I have calculated the applied force to my catamaran in 60 knot winds, while facing 30 degrees to the wind, to be 2331kg (5138lbs). My current anchor bridle is around 40' with an apex angle of 60 degrees. All of my ground tackle can support the appied force. The estimated peak holding of my anchor is 3200kg (6400lbs) in good holding. I will now ensure the new bridle material exceeds that by 15%. Anything beyond that force and we will be dragging the anchor anyway.

I will look forward to the article in March. I do anchor in shallow water more often than not so I will be curious about your findings.
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Old 18-02-2016, 16:07   #4
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Re: Catamaran mooring bridle

Nylon, each leg of the bridle at least equal to the beam of the boat attached as far as possible to the extremity of the bow.
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Old 18-02-2016, 16:44   #5
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Catamaran Anchor Bridle

Mastequila,
Anchor Bridles do wear out and should be replaced from time to time.
They are very easy to make yourself “DYI”
You want at least 20 feet out from the bow
3 strand nylon works the best and last the longest
Add rubber snubbers to give you even more comfort at Anchor.
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Old 18-02-2016, 17:04   #6
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Re: Catamaran mooring bridle

See underlined text. What is your boat size? That would help.

Quote:
Originally Posted by mastequila View Post
Thinwater,

Thank you for the comprehensive reply. I am certainly looking forward to your article in Practical Sailor.

The reason I asked the question regarding this article is that the implied that if I overloaded my nylon bridle that it could be damaged. If I was unaware of the overload I would then basically be hanging off of damaged equipment and be unaware of it. Obviously? The key to not damaging the snubber is, as they stated, not loading beyond 15% BS. Remember, of course, that the maximum load with a snubber is much lower than without one.

You are correct in saying that he has really not given any figures other than percentages to work with and therefore (after re-reading) it makes me less inclined to accept his observations. It reads more of an opinion article. I will however take care that my bridle is of sufficient strength. Sufficient strength will be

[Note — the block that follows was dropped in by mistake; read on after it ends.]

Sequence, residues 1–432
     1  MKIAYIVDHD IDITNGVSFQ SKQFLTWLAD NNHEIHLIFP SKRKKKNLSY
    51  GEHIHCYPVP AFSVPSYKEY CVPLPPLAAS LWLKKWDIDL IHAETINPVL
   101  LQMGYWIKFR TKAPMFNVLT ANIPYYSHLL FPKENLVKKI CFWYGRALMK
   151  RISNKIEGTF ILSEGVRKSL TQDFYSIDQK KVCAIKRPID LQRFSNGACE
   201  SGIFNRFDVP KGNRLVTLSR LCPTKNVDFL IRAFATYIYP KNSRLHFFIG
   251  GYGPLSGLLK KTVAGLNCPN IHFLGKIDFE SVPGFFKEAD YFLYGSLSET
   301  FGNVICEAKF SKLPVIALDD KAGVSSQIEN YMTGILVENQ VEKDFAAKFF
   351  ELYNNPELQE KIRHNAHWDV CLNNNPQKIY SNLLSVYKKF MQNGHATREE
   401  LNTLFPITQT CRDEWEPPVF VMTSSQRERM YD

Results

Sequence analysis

I have calculated the applied force to my catamaran in 60 knot winds, while facing 30 degrees to the wind, to be 2331kg (5138lbs). My current anchor bridle is around 40' with an apex angle of 60 degrees. All of my ground tackle can support the applied force. The estimated peak holding of my anchor is 3200kg (6400lbs) in good holding. But bad holding is what you need to worry about. The snubber will reduce the load. I will now ensure the new bridle material exceeds that by 15%. Anything beyond that force and we will be dragging the anchor anyway.

I will look forward to the article in March. I do anchor in shallow water more often than not so I will be curious about your findings.
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Old 20-02-2016, 14:00   #7
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Re: Catamaran mooring bridle

Thank you all for your replies.

ZipTie, that is a really nice looking rig.

The boat displaces 8 tonne and is 13 meters long by 7 meters wide. It is 6.5 meters at the fixtures for the bridle, at the very front.

The two sides of the of the bridle are each roughly 7 meters long. The current material is 3 strand nylon 9/16" (14mm). I will talk with the local rigger but most likely will stay with that. I am able to move to 5/8" (16mm) if the numbers work out. I need to see his specifications for the specific rope.

Cheers.
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Old 24-02-2016, 05:18   #8
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Re: Catamaran mooring bridle

Have you looked at something like Liros Handy Elastic for the bridle yet?